Face masks make a political statement in era of coronavirus
The Associated Press
By WILL WEISSERT and JONATHAN LEMIRE
WASHINGTON (AP) — The decision to wear a mask in public is becoming a political statement — a moment to pick sides in a brewing culture war over containing the coronavirus.
While not yet as loaded as a "Make America Great Again" hat, the mask is increasingly a visual shorthand for a debate pitting those willing to follow health officials' guidance and cover their faces against those who feel it violates their freedom or buys into a threat they think is overblown.
That resistance is fueled by some of the same people who object to other virus restrictions. The push back has been stoked by President Donald Trump — he didn't wear a mask during a Tuesday appearance at a facility making them — and some other Republicans, who have flouted rules and questioned the value of masks. It's a development that has worried experts as Americans are increasingly returning to public spaces.
"There's such a strong culture of individualism that, even if it's going to help protect them, people don't want the government telling them what to do," said Linsey Marr, a Virginia Tech engineering professor with experience in airborne transmission of viruses.
Inconclusive science and shifting federal guidance have no doubt muddied the political debate. Health officials initially said wearing masks was unnecessary, especially amid a shortage of protective materials. But last month, the Centers for Disease Control and Prevention began recommending wearing cloth masks in public to prevent transmitting the virus to others.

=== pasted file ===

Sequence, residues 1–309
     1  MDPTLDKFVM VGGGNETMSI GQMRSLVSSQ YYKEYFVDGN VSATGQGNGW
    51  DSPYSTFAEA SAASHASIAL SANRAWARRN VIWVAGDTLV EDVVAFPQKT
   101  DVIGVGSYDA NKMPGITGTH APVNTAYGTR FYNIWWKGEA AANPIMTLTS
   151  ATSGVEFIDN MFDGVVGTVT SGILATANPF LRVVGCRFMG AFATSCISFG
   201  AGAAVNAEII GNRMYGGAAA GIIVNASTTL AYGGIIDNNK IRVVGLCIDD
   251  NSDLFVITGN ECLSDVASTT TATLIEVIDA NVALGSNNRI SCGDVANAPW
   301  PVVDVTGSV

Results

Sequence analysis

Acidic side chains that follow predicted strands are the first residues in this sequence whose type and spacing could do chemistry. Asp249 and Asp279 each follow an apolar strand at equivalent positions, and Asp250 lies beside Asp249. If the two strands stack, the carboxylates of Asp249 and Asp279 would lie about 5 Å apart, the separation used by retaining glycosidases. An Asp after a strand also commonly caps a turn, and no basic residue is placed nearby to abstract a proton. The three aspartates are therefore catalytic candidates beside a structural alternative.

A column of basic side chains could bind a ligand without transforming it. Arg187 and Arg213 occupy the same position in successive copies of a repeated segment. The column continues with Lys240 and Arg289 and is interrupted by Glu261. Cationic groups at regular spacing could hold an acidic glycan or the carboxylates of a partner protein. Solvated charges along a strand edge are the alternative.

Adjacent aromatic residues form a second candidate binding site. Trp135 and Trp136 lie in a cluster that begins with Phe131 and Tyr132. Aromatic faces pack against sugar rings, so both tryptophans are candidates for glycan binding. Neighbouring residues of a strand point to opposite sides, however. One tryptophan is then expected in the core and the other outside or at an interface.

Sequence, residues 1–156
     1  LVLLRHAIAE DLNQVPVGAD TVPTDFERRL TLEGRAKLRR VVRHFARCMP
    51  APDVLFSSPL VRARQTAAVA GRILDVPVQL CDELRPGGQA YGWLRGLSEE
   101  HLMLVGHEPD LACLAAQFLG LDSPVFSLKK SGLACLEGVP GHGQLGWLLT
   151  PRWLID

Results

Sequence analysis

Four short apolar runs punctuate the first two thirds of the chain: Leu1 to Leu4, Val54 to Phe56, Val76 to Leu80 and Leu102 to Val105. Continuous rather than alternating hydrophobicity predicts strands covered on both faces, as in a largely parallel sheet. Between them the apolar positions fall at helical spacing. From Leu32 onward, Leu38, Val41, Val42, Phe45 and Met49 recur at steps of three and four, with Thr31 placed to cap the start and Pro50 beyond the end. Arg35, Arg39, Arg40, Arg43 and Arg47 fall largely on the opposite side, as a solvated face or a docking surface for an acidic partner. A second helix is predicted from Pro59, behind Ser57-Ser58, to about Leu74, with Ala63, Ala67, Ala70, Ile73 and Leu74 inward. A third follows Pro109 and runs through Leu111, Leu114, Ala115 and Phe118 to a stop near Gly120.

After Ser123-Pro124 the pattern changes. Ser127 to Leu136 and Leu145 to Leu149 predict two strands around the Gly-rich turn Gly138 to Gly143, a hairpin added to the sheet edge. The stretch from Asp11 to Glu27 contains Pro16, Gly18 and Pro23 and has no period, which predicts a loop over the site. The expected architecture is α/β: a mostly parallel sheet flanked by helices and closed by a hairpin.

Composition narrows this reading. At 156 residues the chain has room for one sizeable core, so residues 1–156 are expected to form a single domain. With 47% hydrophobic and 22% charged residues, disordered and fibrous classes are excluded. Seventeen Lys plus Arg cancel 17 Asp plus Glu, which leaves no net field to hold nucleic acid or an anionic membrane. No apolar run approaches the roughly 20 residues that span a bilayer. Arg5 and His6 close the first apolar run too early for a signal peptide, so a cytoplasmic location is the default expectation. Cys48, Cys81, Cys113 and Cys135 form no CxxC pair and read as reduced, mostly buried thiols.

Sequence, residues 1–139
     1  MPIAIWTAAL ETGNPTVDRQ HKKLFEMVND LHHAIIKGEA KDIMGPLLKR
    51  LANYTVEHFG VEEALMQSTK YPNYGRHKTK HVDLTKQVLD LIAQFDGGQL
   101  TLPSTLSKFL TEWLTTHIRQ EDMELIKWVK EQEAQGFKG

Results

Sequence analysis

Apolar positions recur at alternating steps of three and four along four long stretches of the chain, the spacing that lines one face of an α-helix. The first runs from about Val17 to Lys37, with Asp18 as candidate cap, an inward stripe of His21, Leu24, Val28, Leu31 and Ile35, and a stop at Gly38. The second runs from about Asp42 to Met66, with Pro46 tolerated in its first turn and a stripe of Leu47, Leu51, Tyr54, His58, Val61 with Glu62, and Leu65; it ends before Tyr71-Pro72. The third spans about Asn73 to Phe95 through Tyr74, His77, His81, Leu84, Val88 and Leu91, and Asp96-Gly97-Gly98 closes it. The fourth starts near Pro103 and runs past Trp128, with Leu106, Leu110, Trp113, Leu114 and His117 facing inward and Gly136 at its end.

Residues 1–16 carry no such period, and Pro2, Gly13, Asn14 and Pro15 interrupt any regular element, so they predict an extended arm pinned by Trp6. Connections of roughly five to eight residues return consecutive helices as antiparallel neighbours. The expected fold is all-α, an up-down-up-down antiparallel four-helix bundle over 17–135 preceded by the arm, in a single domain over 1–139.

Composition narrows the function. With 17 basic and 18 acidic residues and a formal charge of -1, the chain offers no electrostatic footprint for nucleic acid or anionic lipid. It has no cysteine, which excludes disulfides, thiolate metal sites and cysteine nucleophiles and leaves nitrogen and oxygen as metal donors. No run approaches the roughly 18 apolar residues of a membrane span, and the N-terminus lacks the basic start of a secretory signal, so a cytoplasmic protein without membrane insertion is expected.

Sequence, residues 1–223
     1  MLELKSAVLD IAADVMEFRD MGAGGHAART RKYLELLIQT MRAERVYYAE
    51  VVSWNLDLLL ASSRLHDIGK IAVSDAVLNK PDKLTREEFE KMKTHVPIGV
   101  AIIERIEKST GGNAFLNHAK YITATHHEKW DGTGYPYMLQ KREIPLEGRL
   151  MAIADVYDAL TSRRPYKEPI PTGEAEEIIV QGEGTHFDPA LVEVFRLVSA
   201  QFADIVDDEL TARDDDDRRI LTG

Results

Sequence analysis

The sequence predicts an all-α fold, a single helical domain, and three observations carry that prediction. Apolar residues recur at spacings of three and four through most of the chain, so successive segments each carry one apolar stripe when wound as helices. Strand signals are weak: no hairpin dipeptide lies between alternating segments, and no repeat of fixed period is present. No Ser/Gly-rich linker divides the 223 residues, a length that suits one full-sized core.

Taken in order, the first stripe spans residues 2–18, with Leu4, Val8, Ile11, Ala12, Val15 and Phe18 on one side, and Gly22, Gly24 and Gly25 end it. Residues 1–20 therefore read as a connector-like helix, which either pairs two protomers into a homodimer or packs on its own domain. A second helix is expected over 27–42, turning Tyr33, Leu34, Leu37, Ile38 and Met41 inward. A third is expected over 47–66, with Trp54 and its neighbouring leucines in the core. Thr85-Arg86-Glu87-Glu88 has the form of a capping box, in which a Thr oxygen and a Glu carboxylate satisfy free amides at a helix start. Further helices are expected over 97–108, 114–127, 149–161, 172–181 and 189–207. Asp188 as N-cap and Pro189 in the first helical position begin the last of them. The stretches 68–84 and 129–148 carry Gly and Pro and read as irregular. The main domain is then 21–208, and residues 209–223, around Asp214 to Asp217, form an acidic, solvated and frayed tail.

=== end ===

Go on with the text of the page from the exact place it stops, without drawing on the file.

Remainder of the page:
Whether Americans are embracing the change may depend on their political party. While most other protective measures like social distancing get broad bipartisan support, Democrats are more likely than Republicans to say they're wearing a mask when leaving home, 76 percent to 59 percent, according to a recent poll by The Associated Press-NORC Center for Public Affairs Research.
The split is clear across several demographics that lean Democratic. People with college degrees are more likely than those without to wear masks when leaving home, 78 percent to 63 percent. African Americans are more likely than either white people or Hispanic Americans to say they're wearing masks outside the home, 83 percent to 64 percent and 67 percent, respectively.
The notable exception is among older people, a group particularly vulnerable to serious illness from the virus. Some 79 percent of those age 60 and over were doing so compared with 63 percent of those younger.
"Who knows what the truth is on masks?" asked Republican Kentucky Sen. Rand Paul, who, unlike some of his colleagues, went without a mask Tuesday in the Senate. Paul already contracted the virus and believes he is no longer contagious.
His comments were a long way from New York Gov. Andrew Cuomo's moral argument for the mask a few days earlier.
"How people cannot wear masks — that to me is even disrespectful," Cuomo said. "You put so many people at risk because you did not want to wear a mask?"
Effectiveness aside, politicians of both parties are clued into the powerful symbolism of the mask, and many Americans take their cues from the president.